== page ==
If you recall, Indonesia wasn’t on our list for the Big Trip but after unexpectedly ending up there in our quest for sun in October, we loved it so much we returned there for a week of R&R in the Gilis so Steve could rest his weary bones after harvest. While it is the peak of the rainy season in January and it looked like Bali was inundated Gili Trawangan had some nice weather, with pleasant temps, green foliage and light afternoon rains for a couple of hours, clearing in time for sunset. We enjoyed the individual cabins at Eden Cottages, and Aussie host, Jim, was good company. The snorkeling was great and we enjoyed the night market for the cheapest, hottest food you could imagine. My mouth burns just thinking of it. Grilled fresh fish, satay and peanut sauce formed the basis of most of our evening meals, washed down with a Bintang beer.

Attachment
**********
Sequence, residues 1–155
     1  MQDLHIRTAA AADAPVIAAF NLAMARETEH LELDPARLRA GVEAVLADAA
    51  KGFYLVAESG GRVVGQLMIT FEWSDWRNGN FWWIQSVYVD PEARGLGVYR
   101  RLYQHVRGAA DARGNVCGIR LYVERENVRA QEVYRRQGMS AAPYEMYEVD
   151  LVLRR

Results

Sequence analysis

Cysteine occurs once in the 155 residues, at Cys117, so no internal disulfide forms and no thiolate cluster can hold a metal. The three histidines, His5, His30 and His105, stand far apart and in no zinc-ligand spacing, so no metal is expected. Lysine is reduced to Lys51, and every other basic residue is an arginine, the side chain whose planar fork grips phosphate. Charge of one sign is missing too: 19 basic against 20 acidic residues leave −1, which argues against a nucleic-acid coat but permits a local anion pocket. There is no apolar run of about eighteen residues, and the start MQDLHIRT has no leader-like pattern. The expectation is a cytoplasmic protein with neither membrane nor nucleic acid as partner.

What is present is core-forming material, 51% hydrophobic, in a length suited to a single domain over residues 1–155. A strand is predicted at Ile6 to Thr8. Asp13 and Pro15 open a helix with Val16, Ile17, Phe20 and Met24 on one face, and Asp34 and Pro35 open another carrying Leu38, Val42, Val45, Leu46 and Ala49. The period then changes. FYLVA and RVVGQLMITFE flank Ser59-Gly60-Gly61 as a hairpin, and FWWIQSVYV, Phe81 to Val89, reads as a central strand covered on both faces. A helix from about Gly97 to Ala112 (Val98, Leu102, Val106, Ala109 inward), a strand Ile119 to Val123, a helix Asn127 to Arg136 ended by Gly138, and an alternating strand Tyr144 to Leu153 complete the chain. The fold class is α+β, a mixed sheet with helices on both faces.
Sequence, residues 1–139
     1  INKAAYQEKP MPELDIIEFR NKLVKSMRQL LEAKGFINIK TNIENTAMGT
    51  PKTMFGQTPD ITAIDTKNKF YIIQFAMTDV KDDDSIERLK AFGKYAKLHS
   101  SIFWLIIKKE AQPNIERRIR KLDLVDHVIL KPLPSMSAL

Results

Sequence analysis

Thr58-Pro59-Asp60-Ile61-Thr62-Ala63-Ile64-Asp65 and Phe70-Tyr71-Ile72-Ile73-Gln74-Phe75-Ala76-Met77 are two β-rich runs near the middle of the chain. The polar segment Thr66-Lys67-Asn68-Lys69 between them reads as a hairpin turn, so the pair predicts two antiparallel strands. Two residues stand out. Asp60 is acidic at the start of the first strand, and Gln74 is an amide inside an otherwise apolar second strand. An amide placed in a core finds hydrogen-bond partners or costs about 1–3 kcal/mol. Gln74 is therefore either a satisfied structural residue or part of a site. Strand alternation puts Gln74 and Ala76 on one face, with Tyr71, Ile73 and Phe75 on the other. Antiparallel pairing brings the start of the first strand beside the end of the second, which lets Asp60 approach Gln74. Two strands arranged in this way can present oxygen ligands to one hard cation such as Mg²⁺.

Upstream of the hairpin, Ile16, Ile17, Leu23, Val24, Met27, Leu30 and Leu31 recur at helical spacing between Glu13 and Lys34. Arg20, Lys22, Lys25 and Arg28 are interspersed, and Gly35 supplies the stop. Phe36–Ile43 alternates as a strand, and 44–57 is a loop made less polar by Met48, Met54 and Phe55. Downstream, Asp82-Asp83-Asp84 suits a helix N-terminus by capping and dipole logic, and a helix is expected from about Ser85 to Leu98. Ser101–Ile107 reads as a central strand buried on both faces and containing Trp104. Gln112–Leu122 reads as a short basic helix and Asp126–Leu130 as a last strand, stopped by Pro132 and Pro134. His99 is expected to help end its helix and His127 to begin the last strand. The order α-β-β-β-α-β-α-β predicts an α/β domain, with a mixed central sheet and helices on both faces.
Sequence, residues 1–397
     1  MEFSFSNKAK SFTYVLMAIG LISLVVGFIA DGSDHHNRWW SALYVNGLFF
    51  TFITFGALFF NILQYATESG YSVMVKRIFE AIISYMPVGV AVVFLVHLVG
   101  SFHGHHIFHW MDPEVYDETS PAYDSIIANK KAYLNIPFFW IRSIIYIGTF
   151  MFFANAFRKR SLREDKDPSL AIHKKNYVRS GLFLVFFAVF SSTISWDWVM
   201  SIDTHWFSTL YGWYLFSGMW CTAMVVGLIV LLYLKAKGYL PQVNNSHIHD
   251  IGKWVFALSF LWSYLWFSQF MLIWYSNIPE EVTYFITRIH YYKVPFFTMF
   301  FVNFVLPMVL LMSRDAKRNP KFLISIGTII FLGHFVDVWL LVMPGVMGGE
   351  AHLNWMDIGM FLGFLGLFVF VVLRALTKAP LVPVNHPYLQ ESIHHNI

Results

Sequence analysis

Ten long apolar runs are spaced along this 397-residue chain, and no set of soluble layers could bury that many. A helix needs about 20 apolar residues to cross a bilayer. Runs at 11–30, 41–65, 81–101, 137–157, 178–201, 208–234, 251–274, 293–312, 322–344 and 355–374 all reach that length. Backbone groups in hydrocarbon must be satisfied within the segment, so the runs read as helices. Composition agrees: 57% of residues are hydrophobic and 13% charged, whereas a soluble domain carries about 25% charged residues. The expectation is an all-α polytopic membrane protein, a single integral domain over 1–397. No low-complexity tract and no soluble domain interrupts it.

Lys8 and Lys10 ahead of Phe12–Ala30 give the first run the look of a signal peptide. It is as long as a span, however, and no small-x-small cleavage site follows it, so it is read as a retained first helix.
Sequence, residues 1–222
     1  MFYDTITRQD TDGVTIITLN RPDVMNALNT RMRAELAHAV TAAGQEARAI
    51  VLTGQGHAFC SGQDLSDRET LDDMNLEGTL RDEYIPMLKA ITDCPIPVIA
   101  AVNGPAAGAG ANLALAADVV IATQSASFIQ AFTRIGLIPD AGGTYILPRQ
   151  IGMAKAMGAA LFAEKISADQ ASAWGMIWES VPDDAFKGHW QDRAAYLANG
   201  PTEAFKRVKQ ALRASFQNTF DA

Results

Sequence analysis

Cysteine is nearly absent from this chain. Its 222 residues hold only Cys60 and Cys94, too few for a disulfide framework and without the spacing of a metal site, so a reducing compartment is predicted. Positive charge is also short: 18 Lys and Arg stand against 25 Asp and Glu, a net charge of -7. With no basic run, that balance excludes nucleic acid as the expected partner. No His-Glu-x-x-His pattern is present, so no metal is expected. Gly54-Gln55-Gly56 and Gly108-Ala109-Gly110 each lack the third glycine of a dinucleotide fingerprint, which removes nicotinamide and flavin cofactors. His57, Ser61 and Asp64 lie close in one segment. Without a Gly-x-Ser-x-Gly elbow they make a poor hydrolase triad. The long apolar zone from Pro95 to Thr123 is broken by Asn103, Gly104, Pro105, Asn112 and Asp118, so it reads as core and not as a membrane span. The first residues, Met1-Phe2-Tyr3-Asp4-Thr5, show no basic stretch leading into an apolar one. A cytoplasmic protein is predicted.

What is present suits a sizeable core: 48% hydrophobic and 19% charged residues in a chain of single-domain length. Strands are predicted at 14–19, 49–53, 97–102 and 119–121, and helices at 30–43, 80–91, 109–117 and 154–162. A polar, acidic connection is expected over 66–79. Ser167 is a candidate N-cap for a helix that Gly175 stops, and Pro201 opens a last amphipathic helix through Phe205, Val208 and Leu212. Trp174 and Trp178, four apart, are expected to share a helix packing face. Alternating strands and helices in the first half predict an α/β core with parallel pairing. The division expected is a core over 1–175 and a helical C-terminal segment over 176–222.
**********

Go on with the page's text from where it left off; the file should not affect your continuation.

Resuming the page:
We took a road trip with a hired car, driver and guide to the Plain of Jars. There are easier ways to get there, but not directly from Luang so this was a three day ordeal through winding mountain passes shrouded in mist, with all manner of vehicles dodging countless road repair sections where yearly mudslides take the paved highway out. We passed mountain villages where Khmer and Hmong tribes cling to the sides of the mountain with the only flat part of town being the highway, one of only two paved highways in the country. Here the villagers gather with babies, dogs and chickens to socialize, build warming fires, dry their rice and hang out, with trucks, buses and vans whizzing by. We stopped for lunch at a small village, Phoukoun, where Highway 7 and 13 meet, and saw the most unusual wares at the market of the entire trip—all kinds of small mammals, ranging from rats and squirrels to colorful songbirds and horned animals were enjoyed as a delicacy. We made it to the Plain of Jars and just about froze, staying in a guest house without heat, but with very welcome, plentiful hot water in the shower and thick, warm comforters. The small town of Phonsavan was relatively bereft of tourists, and the restaurant and entertainment selection was accordingly small. For those three days we mostly ate soup that was very similar to Vietnamese Pho, which I hardly saw in Vietnam, except around Hanoi. Many restaurants served only soup, or it was the only thing we recognized among various animal parts on display in the cold case. In circumstances like this where the food is good, but occasionally monotonous, we could usually find an Indian restaurant that could give us some variety. In Phonsavan it was Nisha Restaurant, which offered decent Indian food with a welcomed assortment of flavors.